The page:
An open letter to sorority members

Dear Sorority Members,

Hi there. I’ve heard you’re promoting autism awareness this month.

So I wanted to tell you something: autistic people exist.

We are people. Real people. Who you have an obligation to learn how to accomodate and interact with respectfully. And you can do this. Everyone can learn how. There isn’t an insurmountable barrier between you and us - unless it’s one that you erect.

I don’t think you know that we exist. Not really. Because, if you did, you’d talk to us. You’d want to know what we think of your awareness campaigns. And, you’d ask us what kind of help we need.

But you’re not doing that. You’re not spreading awareness of the fact that autistic people are real. You’re not telling people about common autistic traits. You’re not working to learn how to communicate with, respect, and accommodate autistic people. And you’re sure as hell not trying to figure out how to bring autistic women into your sororities.

People are ignorant about autism in ways that hurt people badly. Even in ways that get autistic people killed. You could be doing something about that. You have the public eye, and you’re socially valued. If you said the right things about autism, people would listen.

So, it’s upon you to raise your own awareness, so that you will know what you are talking about, and so that you can tell the truth.

You might start with this post I wrote as an overview for aides: http://realsocialskills.tumblr.com/post/39482079759/autism-awareness-for-aides

And more generally, I’ve written a lot of posts tagged autism.

And also, learn why self-advocacy organizations are organizing Autism Acceptance Month

And everything on autisticadvocacy.org, starting with Position Statements, and Why ASAN Uses Identity-first Language

If you read and understand, and start spreading the right kind of awareness, you will be able to make the world better for a lot of autistic people and their families who are suffering needlessly.

Another kind of reply

lawlandauror asked realsocialskills:

.There is a sorority at my college who’s charity is Autism Speaks. All their promotional material and events are making me really uncomfortable. I’m not autistic but I am nueroatypical. I don’t want to talk over autistic people, but I also don’t want to stay silent. What can I do in this situation?

A few things I’d say, in addition to signing the pledge and urging others to do so:

I think what you need to bear in mind is that you’re not speaking for autistic people, you’re saying why Autism Awareness is bad. You don’t need to be autistic to understand that. So long as you’re not claiming to speak for others, I think you’re probably ok.

(For instance, don’t say “autistic people don’t like autism speaks!”, say something like “autism speaks doesn’t have any autistic people in positions of leadership and that’s a problem”).

Also, don’t expect any kind of emotional reaction from autistic folks as a result of what you say. Don’t expect autistic people to be grateful, or to be moved that someone is saying something. Sometimes that might happen. But it shouldn’t be the reason you’re speaking up, and it shouldn’t be something you expect. If you’re putting additional emotional pressure on autistic folks, you’re doing it wrong. 

And also, Awareness paints a pretty broad brush. Autistic people get the most direct hate this month, but it’s also when people promote a model of neurological disability that’s dangerous for everyone. Feeling personally threatened by that is not appropriative or silencing. If that’s part of what’s going on for you, it’s ok to say so. 

Typing is important

Some people communicate better by typing than they do with their voices.

Some people need to do both at different times, or even within the same conversation.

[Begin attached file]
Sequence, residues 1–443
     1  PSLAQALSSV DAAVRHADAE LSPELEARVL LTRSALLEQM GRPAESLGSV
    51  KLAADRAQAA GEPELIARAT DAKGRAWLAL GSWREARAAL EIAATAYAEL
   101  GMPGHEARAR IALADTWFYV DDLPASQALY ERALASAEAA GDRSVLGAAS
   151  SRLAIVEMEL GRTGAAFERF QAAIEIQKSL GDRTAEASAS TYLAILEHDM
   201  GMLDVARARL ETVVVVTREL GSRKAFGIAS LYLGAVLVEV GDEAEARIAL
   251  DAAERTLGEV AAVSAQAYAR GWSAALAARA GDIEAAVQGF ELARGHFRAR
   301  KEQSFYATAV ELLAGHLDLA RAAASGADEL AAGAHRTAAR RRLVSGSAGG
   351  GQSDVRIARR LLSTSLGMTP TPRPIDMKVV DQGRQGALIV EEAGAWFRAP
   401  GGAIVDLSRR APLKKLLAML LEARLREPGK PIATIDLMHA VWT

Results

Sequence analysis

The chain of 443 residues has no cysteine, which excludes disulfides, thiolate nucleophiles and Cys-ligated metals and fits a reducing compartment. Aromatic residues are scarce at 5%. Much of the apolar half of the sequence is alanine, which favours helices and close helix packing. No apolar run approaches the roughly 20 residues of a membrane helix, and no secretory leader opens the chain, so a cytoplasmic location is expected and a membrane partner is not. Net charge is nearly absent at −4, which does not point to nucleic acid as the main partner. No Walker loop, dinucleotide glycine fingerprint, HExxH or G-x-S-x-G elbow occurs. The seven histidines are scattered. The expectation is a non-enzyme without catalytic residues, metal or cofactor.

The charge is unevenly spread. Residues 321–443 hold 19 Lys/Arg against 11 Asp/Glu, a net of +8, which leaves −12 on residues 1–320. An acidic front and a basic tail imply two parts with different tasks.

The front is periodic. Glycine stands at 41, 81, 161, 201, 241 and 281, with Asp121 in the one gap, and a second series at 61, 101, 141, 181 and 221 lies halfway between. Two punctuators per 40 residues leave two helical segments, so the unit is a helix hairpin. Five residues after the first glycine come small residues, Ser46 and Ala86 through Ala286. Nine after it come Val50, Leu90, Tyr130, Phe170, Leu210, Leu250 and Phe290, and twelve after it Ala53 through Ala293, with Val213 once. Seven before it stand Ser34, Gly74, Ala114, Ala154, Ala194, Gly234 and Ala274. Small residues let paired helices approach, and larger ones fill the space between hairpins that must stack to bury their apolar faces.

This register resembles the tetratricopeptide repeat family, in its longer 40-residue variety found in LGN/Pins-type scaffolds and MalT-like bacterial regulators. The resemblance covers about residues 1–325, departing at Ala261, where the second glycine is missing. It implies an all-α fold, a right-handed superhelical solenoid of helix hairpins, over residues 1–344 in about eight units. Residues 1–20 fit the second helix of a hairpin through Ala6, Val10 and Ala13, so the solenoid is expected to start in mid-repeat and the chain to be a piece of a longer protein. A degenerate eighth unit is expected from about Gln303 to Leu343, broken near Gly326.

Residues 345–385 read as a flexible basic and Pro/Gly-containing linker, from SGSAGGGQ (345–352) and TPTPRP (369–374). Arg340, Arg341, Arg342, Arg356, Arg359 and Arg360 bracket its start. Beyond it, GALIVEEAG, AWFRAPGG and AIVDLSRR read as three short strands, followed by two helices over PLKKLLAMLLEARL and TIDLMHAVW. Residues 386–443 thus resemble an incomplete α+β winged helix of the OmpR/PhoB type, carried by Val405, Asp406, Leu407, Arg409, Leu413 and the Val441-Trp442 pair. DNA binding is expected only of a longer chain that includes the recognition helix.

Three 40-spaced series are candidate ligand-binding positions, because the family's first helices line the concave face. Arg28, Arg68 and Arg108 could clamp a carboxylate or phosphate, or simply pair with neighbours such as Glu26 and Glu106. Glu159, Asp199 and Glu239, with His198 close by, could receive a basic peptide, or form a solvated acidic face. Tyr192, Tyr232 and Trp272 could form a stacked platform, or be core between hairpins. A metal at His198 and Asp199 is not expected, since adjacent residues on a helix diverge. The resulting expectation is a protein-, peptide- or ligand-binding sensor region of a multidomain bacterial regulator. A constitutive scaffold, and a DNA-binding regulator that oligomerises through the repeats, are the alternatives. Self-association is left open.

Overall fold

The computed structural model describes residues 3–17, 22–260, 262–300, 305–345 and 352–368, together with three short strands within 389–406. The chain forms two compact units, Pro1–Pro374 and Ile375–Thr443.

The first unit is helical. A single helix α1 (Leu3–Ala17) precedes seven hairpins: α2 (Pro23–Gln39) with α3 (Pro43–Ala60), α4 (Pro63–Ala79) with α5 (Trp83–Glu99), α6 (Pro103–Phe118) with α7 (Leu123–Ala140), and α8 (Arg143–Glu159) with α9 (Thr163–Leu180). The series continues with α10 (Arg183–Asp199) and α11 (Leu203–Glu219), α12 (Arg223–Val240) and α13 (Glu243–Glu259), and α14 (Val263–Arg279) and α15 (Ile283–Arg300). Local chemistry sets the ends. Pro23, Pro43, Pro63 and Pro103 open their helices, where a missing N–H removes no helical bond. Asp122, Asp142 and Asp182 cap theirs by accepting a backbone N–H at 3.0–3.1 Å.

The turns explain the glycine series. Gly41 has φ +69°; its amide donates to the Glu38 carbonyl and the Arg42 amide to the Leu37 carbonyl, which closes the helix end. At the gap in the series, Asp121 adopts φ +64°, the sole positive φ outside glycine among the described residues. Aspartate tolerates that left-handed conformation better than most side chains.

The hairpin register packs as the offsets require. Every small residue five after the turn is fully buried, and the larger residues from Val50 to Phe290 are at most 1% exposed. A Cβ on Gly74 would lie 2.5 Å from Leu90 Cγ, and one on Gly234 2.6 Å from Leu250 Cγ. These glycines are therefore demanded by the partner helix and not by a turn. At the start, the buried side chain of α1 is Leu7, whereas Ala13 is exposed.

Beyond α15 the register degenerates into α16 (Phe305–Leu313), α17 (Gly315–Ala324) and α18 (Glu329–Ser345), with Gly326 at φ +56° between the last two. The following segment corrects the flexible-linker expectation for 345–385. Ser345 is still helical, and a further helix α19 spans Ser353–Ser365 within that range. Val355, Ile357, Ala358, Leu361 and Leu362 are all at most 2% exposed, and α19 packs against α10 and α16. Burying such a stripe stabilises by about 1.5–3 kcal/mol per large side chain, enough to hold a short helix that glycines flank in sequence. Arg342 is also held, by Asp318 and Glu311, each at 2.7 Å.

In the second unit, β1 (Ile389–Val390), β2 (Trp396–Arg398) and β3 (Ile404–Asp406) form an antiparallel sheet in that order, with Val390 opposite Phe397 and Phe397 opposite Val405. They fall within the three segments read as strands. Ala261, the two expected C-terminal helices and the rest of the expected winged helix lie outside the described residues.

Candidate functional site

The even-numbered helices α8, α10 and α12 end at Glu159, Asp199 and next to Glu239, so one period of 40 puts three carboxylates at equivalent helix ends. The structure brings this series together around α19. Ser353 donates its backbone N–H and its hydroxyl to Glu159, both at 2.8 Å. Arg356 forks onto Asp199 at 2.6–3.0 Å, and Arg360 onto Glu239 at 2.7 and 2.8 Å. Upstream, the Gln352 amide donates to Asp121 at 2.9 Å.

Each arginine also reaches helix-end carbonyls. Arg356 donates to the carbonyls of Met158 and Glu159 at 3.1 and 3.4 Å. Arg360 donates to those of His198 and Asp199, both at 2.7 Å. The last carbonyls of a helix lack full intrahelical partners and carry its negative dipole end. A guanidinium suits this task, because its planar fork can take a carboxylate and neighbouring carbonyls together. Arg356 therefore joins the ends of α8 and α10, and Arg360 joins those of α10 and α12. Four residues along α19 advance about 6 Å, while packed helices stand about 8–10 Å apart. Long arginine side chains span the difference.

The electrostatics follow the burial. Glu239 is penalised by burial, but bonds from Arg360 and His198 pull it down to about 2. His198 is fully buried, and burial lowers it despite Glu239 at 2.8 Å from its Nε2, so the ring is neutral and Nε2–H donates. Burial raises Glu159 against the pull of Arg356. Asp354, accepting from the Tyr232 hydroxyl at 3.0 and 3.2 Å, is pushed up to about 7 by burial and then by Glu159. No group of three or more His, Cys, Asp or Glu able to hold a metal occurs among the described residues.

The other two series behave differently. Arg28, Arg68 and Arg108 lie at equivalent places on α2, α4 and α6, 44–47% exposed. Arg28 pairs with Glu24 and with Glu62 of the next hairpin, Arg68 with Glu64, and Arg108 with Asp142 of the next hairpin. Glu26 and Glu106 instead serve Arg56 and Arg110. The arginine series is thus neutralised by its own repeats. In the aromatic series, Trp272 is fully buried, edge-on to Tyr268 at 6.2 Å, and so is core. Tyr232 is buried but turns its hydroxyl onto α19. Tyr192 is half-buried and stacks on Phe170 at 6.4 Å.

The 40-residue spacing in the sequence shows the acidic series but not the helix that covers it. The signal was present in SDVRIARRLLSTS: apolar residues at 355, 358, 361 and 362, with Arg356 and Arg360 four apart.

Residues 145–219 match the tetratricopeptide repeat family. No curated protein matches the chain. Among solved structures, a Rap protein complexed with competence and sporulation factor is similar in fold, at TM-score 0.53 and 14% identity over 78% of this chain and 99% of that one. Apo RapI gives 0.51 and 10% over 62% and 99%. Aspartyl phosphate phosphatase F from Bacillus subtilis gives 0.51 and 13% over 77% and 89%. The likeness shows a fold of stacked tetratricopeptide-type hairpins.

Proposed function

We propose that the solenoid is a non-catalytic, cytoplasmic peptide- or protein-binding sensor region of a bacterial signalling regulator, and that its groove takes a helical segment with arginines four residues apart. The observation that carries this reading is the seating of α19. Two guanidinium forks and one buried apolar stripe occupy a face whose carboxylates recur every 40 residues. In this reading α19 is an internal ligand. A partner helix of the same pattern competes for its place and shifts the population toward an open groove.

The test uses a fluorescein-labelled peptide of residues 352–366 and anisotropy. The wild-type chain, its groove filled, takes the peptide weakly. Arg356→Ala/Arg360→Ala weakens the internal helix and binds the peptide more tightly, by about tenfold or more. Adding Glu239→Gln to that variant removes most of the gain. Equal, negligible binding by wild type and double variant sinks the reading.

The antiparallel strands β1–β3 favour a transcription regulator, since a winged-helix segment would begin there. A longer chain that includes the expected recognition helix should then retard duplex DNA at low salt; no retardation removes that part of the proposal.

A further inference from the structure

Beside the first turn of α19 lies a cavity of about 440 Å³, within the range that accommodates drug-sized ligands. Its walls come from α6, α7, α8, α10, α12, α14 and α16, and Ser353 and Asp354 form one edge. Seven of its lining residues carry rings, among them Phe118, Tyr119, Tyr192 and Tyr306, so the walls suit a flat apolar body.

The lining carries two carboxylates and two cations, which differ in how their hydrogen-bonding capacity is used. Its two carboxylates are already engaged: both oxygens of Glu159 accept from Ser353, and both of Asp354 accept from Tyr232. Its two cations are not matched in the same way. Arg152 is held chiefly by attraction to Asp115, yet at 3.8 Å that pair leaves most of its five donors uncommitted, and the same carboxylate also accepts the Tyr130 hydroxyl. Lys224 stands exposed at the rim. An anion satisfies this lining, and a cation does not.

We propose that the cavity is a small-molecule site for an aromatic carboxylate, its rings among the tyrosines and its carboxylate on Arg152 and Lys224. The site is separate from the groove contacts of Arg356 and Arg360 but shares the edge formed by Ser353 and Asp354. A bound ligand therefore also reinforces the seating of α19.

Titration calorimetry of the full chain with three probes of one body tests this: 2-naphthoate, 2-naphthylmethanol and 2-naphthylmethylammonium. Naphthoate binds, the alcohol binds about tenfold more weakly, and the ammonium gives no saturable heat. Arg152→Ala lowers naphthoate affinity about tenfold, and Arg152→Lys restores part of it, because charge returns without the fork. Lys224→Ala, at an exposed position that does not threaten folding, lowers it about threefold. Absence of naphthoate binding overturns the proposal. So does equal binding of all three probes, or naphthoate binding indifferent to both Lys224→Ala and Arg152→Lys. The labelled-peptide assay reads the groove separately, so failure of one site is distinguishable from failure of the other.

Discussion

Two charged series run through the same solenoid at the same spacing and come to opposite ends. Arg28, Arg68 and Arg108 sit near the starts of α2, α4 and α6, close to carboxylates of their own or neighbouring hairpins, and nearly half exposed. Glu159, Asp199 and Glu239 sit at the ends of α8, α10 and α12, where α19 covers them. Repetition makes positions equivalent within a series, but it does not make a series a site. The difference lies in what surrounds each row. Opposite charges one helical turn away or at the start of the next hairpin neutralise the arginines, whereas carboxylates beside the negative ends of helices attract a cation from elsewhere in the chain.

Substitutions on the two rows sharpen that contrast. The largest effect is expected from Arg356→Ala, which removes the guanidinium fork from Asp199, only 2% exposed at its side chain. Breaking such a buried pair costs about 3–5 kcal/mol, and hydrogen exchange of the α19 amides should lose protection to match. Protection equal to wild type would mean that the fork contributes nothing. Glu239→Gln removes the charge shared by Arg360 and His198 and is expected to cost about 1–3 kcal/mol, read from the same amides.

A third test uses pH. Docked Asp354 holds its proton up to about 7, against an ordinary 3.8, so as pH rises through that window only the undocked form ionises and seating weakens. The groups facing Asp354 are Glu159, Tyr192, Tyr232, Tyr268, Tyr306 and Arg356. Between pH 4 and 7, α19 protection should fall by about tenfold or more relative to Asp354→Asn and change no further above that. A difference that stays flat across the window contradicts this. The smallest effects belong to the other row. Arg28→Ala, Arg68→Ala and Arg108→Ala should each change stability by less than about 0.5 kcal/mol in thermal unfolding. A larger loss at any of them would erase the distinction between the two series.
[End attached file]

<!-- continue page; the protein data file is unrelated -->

Maybe you’re like that. Maybe you could say more things if you used your hands and a keyboard rather than your voice sometimes.

You almost certainly know people who could communicate better if they didn’t always have to speak.

Knowing that this is a thing is important. So is being a safe person for other people to type to if they should.

Something non-autistic folks can do to combat the Autism Awareness mentality

lawlandauror asked realsocialskills:

.There is a sorority at my college who’s charity is Autism Speaks. All their promotional material and events are making me really uncomfortable. I’m not autistic but I am nueroatypical. I don’t want to talk over autistic people, but I also don’t want to stay silent. What can I do in this situation?

You can sign this pledge, and urge others to do so (http://www.autismacceptancemonth.com/pledge/):

I pledge to only attend, speak at or otherwise participate in autism panels, conferences and events that meaningfully involve Autistic people. I choose not to give my business or my time to settings that fail to include Autistic voices in conversations about autism.

Remembering that you are not alone

April is a brutal month.

There’s a lot of hate directed at autistic people, during April.

The same people who bullied us in high school, have Awareness events in college. They think they’re better than us. They put on rallies and events telling the world how awful it is that we exist.

At the same time they lament our existence, they ignore our presence and voices. They don’t really understand that autistic people are real. They just wish that we weren’t.

And, during April, it seems like everyone is in on it. Even people you otherwise like. Even people you thought better of. It’s everywhere. You can’t get away from it. It’s scary and humiliating, and it can be overwhelming.

It isn’t actually everyone, though. Not everyone hates you for being disabled. Not everyone wants to erase you. Some people understand. You are not alone. And it helps to remember that.

Even the hate only goes down to a certain point. It’s possible not to believe them. It’s possible to create space for yourself that that they can’t touch. Keeping that in mind helps, too.

And you’re already real. You’re already worthwhile. The people who think you need a cure to be a person are wrong. You are a person. The people trying to convince you otherwise are being horrible.

You are not alone. Try to keep that in mind as much as you can, and reach out to the people who can support you.